Entered Life: July 30, 1927
Entered Religious Life: February 2, 1946
Entered Eternal Life: February 11, 2016
“God is He who is; I am who am not.”
Like each one of us, Rita Rzeppa was a complex person. To quote Yoda in one of the early “Star Wars” movies, ‘the force was very strong with this one.’ In reflecting on experiences through the years, I feel that Rita had two strong forces working inside her. One was the force of physical pain and the other the force of a generous heart.
Let’s be honest. I know at my funeral people will remember my good attributes as well as my less than favorable encounters. I want to share with you a little trick I learned from one of the Sisters I live with. Take any unpleasant memories from your head or your heart and place them in the palm of your hand. Now blow them away. The Spirit will gather them up and scatter them to the wind.
I’d like to share some pleasant memories and recollections about Rita. She was a very creative teacher and her students enjoyed the various activities and projects she used to enhance her lessons. She could hardly contain her excitement when her fourth graders at St. Philomene’s took first place in the diocesan art contest. Who could forget ‘Butterfly,’ her cello? Her enthusiasm and joyfulness when she was playing ‘Butterfly’ were wonderful. She loved music, she loved the cello, and she loved to sing. Rita was very generous in her outreach to the people of El Salvador, and she made several trips there to help out. She was so proud of the number of hours she served as a volunteer at Resurrection Hospital. Then at Resurrection Life Center, Rita instructed one of the staff members so that she could pass her citizenship exam. The success her “student” achieved made Rita extremely happy. Rita was happiest when she was being generous and kind.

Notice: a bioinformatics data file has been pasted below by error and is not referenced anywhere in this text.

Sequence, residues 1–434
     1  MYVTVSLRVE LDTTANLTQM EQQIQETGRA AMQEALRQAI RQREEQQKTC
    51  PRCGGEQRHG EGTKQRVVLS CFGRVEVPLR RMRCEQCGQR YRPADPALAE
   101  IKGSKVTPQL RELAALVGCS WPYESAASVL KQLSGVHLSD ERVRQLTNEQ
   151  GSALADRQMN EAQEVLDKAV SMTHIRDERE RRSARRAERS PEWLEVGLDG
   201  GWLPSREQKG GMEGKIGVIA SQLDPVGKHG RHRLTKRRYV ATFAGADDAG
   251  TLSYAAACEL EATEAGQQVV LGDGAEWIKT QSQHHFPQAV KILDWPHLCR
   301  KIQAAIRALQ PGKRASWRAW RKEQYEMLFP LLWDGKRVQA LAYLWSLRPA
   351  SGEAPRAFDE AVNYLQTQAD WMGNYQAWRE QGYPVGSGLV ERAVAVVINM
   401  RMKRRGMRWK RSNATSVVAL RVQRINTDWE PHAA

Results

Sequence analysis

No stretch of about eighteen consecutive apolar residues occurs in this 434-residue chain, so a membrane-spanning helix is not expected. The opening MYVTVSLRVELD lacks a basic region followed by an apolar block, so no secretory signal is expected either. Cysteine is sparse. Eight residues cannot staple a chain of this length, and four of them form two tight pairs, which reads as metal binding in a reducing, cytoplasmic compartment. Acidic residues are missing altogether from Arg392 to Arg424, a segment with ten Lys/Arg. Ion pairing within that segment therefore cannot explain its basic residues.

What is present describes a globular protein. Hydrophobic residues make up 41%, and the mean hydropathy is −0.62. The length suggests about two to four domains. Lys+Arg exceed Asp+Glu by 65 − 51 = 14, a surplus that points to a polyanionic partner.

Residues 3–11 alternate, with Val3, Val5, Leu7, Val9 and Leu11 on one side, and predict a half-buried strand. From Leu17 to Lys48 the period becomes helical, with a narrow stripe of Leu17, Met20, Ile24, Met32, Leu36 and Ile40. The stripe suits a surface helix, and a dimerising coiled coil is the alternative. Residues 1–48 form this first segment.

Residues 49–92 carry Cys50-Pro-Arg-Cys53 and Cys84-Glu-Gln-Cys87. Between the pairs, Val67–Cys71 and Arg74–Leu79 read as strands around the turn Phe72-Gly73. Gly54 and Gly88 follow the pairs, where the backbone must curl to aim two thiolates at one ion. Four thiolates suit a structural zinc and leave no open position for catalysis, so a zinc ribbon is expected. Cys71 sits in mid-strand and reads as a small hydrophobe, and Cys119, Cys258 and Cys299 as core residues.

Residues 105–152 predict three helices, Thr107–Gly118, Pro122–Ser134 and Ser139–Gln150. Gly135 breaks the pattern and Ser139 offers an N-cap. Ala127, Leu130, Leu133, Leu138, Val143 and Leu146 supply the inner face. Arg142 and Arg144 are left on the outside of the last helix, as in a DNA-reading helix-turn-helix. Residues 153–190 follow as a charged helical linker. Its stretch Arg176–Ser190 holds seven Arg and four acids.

Every IBVM is asked to select the music and the readings for her funeral. Some may feel this is a rather morbid task and approach it with little enthusiasm. I think I’m really thinking about myself, as mine is not complete yet. I gained a new insight planning this homily. Our choices are our last chance to leave our Sisters, friends and family with the memories we wish them to have. Looking at the readings Rita selected may give us some insight into what she wanted us to remember.
Rita shared in Hosea her concept of God–a tender lover, full of compassion. May we remember that God will change our valley of trouble into a door of hope.
St. Paul tells the Philippians to dismiss anxiety from their minds and present their needs to God. Rita is now enjoying the peace for which she spent her whole life searching.
Lastly, Rita, I know you loved sunflowers. I will remember you with fondness every time I see a sunflower or a field of sunflowers.
—Jean Frye, IBVM